The tent was set up in order to contain the artifacts needed to learn the language. It was a school or a museum of some sort.

This is why Joshua son of Nun is described as Moses' young aide. He was skilled at the language, having come from the classes that Moses was teaching at that tent.

Tent of Time

If we go look at the Aramaic terms, instead of Hebrew, involving Moses' tabernacle we find 2 very important changes.

First, in Hebrew 'Tabernacle' is a technical term for the tent built by Moses. In Aramaic, though, there is no technical term. Tabernacle is rendered using the common term 'tent.' Why? Because it was just a common tent. Editors later changed the word and made it special when it was repurposed.

We also find another common term used with the term tent. That other term? 'Time.'

Moses constructed a 'Tent of Time.' Probably what we today would call a museum. It was a place to carry content across time.

To help understand this, consider that modern colleges and universities grew up around the libraries of monasteries. Books were hard to make and expensive. To learn required going to the library and reading. Teachers thus hung out there too.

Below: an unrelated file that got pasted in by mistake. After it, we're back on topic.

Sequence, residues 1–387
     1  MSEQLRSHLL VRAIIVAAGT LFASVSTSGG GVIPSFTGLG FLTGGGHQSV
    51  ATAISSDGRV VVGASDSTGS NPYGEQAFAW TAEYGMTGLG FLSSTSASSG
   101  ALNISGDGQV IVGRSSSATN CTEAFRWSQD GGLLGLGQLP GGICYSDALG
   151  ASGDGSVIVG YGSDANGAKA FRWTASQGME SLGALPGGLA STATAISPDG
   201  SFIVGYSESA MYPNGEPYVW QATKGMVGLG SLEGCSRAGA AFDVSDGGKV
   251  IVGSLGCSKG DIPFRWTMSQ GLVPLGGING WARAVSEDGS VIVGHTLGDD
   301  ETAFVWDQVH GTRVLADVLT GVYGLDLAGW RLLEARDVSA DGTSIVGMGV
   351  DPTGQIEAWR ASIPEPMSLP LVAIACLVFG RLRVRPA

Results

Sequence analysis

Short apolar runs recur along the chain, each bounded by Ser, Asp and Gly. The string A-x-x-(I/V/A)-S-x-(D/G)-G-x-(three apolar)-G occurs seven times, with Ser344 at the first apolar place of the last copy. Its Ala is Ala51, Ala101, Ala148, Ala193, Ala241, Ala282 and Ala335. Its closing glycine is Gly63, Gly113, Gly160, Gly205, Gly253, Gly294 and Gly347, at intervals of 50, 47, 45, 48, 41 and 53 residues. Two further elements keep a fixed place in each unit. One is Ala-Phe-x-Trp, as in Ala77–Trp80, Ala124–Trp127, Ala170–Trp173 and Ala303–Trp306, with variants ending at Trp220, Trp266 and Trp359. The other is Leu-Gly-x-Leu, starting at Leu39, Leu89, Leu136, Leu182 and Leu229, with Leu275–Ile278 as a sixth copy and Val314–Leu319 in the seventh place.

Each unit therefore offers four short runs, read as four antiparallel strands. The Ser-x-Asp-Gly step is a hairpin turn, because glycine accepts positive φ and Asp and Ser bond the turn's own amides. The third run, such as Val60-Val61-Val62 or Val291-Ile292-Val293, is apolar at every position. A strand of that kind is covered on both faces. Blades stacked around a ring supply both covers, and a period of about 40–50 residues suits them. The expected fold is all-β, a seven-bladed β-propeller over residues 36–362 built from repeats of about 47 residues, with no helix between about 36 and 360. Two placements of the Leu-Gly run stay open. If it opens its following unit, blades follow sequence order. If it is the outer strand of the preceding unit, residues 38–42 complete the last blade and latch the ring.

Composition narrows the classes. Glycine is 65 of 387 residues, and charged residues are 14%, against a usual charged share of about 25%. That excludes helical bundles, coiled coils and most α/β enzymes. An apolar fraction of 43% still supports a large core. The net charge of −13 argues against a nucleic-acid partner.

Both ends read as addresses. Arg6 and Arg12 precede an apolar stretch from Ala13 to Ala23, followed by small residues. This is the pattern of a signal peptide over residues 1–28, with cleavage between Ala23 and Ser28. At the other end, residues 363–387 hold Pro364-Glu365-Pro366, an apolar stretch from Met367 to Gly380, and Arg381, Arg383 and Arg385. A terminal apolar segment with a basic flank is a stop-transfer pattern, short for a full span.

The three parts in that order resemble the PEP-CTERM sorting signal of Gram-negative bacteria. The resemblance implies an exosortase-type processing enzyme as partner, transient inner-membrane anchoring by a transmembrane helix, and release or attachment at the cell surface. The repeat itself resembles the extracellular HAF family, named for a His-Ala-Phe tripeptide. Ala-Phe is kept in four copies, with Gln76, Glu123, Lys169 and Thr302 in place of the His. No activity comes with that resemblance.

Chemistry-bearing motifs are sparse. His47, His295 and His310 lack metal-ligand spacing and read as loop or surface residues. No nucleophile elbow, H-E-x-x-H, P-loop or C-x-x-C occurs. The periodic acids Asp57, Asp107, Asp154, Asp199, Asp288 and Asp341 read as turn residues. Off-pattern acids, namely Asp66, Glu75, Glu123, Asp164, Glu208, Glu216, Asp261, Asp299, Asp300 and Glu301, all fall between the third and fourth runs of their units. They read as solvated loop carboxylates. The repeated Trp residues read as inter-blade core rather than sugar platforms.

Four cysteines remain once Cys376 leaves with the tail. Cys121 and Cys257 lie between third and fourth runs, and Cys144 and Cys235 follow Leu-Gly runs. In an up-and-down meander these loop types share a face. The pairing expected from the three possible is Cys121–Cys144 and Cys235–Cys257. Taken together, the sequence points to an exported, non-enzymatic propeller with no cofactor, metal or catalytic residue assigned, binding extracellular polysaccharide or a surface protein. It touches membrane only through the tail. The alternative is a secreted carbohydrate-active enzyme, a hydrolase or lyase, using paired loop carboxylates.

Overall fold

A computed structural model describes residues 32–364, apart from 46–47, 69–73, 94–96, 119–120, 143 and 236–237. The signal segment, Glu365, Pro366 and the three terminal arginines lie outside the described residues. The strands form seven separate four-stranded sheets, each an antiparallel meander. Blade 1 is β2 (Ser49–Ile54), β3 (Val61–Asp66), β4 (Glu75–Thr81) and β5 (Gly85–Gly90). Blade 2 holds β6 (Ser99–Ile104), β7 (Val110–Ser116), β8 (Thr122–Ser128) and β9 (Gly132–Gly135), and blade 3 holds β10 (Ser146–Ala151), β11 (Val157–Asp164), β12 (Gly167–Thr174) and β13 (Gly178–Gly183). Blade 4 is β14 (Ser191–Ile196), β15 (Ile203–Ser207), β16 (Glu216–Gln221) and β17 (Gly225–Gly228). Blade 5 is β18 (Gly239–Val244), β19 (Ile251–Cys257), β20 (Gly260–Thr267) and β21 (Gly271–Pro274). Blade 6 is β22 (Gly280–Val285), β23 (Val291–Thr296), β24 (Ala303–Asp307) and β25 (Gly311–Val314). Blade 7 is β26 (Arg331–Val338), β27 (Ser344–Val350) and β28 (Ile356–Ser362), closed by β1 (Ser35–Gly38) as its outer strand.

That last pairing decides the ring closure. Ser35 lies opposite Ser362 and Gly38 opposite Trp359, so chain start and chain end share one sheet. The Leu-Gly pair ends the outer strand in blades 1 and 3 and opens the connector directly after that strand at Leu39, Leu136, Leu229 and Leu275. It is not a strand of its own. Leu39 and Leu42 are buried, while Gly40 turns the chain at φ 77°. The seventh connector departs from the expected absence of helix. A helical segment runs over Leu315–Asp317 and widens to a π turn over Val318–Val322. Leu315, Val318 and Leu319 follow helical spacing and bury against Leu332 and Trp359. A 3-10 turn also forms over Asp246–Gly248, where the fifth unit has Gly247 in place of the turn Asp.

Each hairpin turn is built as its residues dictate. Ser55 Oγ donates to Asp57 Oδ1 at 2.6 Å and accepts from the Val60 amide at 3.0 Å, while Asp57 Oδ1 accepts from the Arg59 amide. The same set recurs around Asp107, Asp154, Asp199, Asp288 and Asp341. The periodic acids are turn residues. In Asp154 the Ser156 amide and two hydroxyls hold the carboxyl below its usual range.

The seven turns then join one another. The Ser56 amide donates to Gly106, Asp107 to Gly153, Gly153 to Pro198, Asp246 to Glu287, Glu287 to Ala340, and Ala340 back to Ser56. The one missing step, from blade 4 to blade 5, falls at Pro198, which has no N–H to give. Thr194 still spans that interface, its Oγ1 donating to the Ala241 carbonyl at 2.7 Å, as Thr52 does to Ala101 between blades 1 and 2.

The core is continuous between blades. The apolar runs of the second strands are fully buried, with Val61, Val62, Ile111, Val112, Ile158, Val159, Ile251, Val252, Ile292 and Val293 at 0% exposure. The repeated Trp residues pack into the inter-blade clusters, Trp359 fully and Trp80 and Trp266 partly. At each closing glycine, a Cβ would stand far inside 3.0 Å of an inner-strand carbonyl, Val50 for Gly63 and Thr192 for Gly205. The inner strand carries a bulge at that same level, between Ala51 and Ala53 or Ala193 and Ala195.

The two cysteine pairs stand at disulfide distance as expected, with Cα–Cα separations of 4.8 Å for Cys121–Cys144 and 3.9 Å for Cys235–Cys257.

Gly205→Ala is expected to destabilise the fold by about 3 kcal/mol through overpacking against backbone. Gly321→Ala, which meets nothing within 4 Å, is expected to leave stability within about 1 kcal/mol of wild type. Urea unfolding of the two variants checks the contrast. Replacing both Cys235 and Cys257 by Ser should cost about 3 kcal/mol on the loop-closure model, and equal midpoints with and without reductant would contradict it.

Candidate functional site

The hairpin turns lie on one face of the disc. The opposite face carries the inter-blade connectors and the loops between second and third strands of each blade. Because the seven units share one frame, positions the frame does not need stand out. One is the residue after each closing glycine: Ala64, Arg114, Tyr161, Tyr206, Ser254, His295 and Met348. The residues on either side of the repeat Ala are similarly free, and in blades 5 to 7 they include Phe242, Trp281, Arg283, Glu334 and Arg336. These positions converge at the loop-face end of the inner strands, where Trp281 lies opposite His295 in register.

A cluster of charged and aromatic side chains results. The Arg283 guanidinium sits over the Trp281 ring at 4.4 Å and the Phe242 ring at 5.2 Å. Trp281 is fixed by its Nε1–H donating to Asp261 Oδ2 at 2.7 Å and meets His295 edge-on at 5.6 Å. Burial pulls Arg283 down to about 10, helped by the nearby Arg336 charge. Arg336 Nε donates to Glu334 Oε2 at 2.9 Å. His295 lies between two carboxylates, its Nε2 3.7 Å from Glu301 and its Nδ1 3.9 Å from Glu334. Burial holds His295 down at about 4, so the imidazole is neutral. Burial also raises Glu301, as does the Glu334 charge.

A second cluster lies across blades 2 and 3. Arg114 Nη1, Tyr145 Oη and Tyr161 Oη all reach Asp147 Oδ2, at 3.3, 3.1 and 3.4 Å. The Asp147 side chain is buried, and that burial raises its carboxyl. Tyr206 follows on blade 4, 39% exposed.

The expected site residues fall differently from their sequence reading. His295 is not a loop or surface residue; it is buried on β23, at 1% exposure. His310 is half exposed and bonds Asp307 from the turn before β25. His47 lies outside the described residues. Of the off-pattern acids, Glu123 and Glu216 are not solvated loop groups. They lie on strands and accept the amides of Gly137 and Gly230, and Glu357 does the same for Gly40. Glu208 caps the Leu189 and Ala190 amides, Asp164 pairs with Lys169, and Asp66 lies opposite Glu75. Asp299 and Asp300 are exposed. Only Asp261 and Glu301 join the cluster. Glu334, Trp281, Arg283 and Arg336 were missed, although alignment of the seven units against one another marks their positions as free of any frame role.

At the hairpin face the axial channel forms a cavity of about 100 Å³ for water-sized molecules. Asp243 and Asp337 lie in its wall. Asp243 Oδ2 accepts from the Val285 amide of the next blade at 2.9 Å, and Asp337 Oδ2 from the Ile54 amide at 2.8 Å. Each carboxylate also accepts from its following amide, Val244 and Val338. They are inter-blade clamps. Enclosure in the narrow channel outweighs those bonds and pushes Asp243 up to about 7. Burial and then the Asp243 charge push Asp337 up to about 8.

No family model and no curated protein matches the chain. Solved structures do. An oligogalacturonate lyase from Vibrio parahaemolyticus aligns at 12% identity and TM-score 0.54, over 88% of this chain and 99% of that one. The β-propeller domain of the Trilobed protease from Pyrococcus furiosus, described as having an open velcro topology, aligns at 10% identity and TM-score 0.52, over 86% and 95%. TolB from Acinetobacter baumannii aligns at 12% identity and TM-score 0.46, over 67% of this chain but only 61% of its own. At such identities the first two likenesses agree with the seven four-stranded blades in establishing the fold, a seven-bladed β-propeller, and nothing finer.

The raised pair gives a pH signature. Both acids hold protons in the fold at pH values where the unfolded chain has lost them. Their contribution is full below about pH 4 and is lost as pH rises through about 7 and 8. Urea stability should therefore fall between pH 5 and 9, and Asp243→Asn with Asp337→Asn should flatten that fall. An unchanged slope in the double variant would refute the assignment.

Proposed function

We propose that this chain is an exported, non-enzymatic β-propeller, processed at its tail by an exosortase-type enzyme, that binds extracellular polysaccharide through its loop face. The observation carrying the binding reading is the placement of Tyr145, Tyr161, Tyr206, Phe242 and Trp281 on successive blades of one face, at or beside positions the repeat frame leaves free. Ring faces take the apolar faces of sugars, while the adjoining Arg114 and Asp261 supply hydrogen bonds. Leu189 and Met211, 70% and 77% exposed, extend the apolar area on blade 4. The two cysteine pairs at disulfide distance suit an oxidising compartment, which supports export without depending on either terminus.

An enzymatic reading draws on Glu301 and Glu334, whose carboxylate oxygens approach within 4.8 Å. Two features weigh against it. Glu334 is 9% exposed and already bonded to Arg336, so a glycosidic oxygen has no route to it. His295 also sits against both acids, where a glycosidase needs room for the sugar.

In Moses' day the artifacts needed to teach the language were made out of real gold, silver, brass, wood and specially woven cloth. They were expensive to make and needed to be kept in a special place, called the 'Tent of Time.'

Like modern higher education, it would have attracted the best and brightest who wanted to go learn the language completely so they could teach it to others spread around in the community.

Written Purpose

Now, imagine yourself in that school, learning to read via the study of those models.

Eventually you would have read in The Testimony about Moses' construction of that very tent. The tent you were in or which was very near to where you lived.

Would you have needed much to be written about it? No. You were sitting in it, and knew exactly what was in the tent. You also knew it would have been hard to describe in written form. The content being mostly visual and difficult to explain.

This is why there was scant detail for Nathan's generation. This is why Nathan was unaware of the inspired purpose.

When were the models lost? Likely at the destruction of Shechem, when the city was burned down. They had long before been transferred into a solid house of cedar, with the tent stored somewhere else. The tent survived and was passed to David, while the contents did not survive the burning of the city.

Even the 100 or so years difference to Nathan's day and those artifacts were gone, and whatever prophetic community remained was unaware of the design of the alphabet. The alphabet was still known and usable, but the master designs were gone.

Nathan's generation was also unaware of the audit patterns so that editors like Solomon could now commit their frauds.

When Acts 15 references David's fallen tent, it means that when the audit patterns kept in Moses' Tent of Time are known and available, the manuscript itself will not need to be approximated from public copies. A complete audit can then be performed.

More Later,